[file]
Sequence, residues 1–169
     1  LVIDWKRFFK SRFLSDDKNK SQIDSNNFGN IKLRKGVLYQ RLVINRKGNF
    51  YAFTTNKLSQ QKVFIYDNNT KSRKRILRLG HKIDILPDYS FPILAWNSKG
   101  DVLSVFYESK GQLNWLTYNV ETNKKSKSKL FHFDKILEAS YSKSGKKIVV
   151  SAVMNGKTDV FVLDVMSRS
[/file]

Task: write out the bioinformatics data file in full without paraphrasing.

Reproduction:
Sequence, residues 1–169
     1  LVIDWKRFFK SRFLSDDKNK SQIDSNNFGN IKLRKGVLYQ RLVINRKGNF
    51  YAFTTNKLSQ QKVFIYDNNT KSRKRILRLG HKIDILPDYS FPILAWNSKG
   101  DVLSVFYESK GQLNWLTYNV ETNKKSKSKL FHFDKILEAS YSKSGKKIVV
   151  SAVMNGKTDV FVLDVMSRS